1. A graphics.cfg file, that supports file extensions .ps and .eps even, if pdflatex with direct pdf output is used.
  2. LaTeX package epstopdf, that uses shell escapes to convert eps to pdf on the fly using repstopdf.
  3. A texmf.cnf with settings shell_escpape = p and shell_escape_commands = repstopdf.

Because of this, you may use EPS with pdflatex and direct PDF output, if you are using TeX Live since 2010.

With MiKTeX you may use on-the-fly conversion, too. In this case you have to load LaTeX package epstopdf on your own (see the manual for more information) and you have to set command line option --enable-write18 at call of pdflatex. If you call pdflatex from within a LaTeX editor, have a look at the editor or the profile settings and the editor manual to find out, where you may add this command line option.

You may test the on-the-fly conversion using:

\begin{filecontents*}{\jobname.eps}
%!
%%BoundingBox:100 100 172 172
100 100 moveto
72 72 rlineto
72 neg 0 rlineto
72 72 neg rlineto
stroke
100 100 moveto
/Times-Roman findfont
72 scalefont
setfont
(A) show
showpage
\end{filecontents*}
\documentclass{article}
\usepackage{graphicx}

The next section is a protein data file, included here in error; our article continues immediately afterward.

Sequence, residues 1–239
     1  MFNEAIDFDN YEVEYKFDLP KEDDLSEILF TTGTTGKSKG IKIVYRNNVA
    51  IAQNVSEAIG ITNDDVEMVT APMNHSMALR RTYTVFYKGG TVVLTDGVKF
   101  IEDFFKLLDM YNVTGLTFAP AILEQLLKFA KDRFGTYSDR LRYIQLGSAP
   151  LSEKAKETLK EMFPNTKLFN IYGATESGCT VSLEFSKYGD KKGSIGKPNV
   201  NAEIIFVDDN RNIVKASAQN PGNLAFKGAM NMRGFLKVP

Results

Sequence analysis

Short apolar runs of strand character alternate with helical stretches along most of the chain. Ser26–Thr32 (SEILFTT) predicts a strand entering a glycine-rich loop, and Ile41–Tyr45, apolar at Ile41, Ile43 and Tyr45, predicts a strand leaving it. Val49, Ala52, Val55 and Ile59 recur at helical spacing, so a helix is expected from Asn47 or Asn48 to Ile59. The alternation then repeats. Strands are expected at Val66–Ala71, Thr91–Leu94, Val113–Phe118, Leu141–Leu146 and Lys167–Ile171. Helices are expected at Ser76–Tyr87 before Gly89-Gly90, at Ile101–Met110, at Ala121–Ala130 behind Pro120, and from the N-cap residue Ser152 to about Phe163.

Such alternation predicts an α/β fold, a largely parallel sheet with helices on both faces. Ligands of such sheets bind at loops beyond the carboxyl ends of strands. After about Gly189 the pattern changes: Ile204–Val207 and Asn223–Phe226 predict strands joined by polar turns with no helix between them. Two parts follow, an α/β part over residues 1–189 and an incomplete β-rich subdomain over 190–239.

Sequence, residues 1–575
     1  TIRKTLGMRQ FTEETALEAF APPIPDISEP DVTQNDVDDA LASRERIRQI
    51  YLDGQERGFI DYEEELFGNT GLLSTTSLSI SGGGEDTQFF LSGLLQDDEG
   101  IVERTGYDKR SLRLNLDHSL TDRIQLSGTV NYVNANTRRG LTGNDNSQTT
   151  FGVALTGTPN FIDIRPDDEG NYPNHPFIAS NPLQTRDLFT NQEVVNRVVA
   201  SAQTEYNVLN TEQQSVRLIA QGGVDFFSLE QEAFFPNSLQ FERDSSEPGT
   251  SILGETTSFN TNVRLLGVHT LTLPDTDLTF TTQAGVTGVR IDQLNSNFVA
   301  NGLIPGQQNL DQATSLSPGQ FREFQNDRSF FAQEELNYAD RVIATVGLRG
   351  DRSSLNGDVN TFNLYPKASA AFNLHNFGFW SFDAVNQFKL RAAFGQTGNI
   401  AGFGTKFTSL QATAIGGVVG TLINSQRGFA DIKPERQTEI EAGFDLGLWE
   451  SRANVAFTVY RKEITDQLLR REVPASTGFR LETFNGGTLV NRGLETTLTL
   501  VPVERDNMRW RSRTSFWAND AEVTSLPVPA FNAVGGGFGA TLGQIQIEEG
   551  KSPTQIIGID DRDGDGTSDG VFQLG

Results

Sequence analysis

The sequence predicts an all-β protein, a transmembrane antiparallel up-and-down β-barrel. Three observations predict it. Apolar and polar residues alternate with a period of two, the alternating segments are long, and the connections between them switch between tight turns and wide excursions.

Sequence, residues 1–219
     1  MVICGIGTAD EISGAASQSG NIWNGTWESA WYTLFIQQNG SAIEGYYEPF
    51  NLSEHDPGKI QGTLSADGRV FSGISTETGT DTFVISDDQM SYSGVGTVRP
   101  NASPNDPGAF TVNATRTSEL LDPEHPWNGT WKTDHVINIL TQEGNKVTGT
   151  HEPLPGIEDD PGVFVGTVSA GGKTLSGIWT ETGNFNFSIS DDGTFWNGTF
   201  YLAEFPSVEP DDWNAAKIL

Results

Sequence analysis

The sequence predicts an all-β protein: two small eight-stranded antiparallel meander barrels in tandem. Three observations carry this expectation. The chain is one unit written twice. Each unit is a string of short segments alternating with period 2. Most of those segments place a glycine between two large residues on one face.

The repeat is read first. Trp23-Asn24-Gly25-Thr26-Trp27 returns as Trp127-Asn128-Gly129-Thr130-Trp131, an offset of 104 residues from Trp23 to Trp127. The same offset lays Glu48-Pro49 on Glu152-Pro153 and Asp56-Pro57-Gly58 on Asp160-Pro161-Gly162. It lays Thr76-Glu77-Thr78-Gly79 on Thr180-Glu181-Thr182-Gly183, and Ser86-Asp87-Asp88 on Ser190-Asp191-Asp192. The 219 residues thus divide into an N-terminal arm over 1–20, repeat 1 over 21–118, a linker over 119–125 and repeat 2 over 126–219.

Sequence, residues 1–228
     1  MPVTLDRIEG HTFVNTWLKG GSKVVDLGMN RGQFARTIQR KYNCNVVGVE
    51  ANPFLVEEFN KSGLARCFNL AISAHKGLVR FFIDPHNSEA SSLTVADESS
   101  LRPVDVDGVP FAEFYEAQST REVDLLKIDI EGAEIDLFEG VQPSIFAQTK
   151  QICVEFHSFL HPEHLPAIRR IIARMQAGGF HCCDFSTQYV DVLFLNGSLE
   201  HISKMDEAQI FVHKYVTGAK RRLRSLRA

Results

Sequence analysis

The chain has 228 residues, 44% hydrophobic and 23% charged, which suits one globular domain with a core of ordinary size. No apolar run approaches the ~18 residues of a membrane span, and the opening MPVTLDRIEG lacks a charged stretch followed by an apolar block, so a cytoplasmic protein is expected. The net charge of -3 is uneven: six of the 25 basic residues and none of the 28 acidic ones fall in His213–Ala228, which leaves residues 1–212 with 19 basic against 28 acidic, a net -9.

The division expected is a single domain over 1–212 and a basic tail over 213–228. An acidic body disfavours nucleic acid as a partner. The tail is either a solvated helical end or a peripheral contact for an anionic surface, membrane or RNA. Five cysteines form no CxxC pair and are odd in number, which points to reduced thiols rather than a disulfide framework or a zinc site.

\usepackage{ifpdf}

\begin{document}
\ifpdf
  You are using pdf\LaTeX. If you see the picture, on-the-fly conversion does work!
\else
  You need to use pdflatex to test the on-the-fly conversion! You may see the
  original eps file without conversion now:
\fi

\includegraphics{\jobname.eps}
\end{document}

Instead of using on-the-fly conversion you may simply convert every EPS to PDF using epstopdf. In this case you may remove extra white space around the picture using pdfcrop.

Note, that sometimes the conversion to PDF results in PDFs with bad Bounding Box. In this case, you should search for %%PageBoundingBox at the PS file and copy the four dimensions at this line to the line %%BoundingBox at the begin or end of the file (replacing the values you'd find there). On-the-fly conversion will be use these new values at next run of pdflatex. If you are using manual conversion, don't forget to do it again.